I am thinking about sparrows today, about how many of them there are, and yet how little I notice them until they stop for a quick perch on the railing of my deck and I find myself wishing that they were some other variety of backyard bird, perhaps something with just a little more colour—like a wren or a goldfinch or an oriole. Even a chickadee or a nuthatch will do. Dull in colour, yes, and lighter than air itself, these sparrows seem to be.
I am thinking about sparrows and how I have learned that, if you look closely, they really don’t all look alike, although the differences are subtle and even invisible to one who has never taken the time to actually pay attention.
I am thinking about sparrows today and I am hearing Jesus’ promise that those who follow him into the struggle of life are of more value than many of them and that all the while God has God’s eye on the sparrow, even as God has God’s eye on all of us.
I am thinking of sparrows today and I am wondering who the “you” is of whom Jesus speaks in this passage. Is it you? Is it me? I have always thought so, or at least I have always rested in this powerful promise that God’s eye is on us, as God loves us with an amazing love that knows us so well that God has the very hairs on our heads numbered.
Today I am taken also to the many others. All those others I too often do not pause to notice. Not unlike sparrows, in a way.
We have called them “essential workers” of late and, yes, those include doctors and nurses and health-care workers, of course. I cannot help but believe that in an especially powerful and particular way God’s heart is with:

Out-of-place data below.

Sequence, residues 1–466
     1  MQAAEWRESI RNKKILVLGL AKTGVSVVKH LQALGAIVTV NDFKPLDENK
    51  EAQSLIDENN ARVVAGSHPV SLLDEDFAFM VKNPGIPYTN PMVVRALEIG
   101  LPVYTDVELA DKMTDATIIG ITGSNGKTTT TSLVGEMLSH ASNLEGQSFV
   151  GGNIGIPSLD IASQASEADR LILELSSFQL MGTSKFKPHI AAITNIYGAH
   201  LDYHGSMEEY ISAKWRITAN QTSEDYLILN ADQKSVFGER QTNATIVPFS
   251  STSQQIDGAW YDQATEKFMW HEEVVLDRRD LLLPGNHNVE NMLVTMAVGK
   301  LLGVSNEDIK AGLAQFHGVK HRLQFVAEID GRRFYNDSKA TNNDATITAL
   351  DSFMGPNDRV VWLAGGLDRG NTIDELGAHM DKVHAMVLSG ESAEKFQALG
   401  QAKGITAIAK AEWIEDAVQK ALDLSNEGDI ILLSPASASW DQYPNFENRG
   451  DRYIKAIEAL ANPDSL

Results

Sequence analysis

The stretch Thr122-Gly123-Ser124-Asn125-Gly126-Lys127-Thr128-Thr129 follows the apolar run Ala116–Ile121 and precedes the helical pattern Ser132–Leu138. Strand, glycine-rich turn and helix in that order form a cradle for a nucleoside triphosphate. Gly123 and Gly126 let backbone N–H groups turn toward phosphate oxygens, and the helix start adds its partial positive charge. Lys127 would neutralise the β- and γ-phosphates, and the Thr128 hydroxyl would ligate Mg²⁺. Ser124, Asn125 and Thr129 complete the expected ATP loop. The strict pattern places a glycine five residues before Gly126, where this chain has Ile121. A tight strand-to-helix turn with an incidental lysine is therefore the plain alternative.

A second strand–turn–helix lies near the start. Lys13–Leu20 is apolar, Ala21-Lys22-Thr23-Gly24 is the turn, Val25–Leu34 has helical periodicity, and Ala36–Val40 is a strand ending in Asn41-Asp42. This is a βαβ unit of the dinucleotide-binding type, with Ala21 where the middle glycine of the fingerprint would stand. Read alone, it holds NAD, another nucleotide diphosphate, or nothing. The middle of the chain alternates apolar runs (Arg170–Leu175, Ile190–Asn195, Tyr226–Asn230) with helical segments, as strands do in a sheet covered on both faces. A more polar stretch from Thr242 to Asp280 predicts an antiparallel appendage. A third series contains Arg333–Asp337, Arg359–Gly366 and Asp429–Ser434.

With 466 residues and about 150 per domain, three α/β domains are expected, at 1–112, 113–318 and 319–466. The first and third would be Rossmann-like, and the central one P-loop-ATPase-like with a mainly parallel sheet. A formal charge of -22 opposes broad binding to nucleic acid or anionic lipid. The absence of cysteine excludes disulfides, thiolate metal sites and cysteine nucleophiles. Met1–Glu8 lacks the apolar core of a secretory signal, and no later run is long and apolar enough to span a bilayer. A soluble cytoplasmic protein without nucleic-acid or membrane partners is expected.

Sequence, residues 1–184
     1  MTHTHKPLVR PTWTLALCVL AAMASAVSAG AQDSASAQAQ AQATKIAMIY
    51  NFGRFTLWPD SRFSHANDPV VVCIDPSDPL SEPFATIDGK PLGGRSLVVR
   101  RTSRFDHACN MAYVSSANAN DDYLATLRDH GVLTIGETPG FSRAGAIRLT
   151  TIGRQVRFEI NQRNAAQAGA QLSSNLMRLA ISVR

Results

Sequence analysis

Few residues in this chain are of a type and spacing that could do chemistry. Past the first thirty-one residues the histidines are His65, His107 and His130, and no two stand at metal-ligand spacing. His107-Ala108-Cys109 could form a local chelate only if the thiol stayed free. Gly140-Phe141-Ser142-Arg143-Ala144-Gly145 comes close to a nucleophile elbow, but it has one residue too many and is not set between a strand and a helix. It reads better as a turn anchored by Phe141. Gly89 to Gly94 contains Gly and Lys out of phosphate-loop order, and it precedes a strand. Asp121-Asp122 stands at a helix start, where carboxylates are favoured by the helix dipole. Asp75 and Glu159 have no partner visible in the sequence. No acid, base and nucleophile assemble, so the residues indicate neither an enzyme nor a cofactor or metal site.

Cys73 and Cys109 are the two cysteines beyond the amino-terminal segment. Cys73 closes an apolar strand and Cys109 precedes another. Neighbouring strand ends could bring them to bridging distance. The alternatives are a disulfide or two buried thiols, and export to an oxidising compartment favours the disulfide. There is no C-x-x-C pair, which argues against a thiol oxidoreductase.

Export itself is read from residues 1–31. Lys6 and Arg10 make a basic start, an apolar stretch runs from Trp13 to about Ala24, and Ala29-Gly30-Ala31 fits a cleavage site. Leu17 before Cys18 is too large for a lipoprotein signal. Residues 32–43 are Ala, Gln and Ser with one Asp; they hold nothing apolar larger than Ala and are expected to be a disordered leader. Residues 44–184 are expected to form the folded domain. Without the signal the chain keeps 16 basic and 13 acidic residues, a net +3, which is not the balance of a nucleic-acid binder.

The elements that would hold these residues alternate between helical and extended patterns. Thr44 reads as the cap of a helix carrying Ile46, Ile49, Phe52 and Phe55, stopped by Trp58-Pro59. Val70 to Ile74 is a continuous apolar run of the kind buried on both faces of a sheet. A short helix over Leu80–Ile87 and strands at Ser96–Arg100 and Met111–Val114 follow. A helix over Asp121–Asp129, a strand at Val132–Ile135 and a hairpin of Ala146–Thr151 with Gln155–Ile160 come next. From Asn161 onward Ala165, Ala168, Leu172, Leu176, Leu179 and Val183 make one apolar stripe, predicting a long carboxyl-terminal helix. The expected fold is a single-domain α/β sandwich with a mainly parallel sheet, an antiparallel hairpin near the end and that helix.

- The young woman who, behind a plexiglass screen, checked me out at the grocery store the other day.
- The health-care aide who has no choice but to go to work to feed her family.
- The middle-aged woman with a heavy accent who handed me my order at the drive-through last week.
- All the nameless, faceless ones who harvest and butcher and pack the food that lines my shelves and fills my freezer.
I also think of so very many people of colour whose stories have been overlooked or downright ignored—to their very peril—by those of us in the dominant culture. Today, I think about these “sparrows,” at least in terms of how much more God loves them. Indeed, all so deeply loved by God in spite of the fact that we who walk alongside often do not see or really hear them at all.
Especially today, I am wondering what God’s call is for me and for us in all of this.
Rick Neufeld is Mennonite Church Manitoba’s director of leadership ministries, and interim executive minister until the end of this year.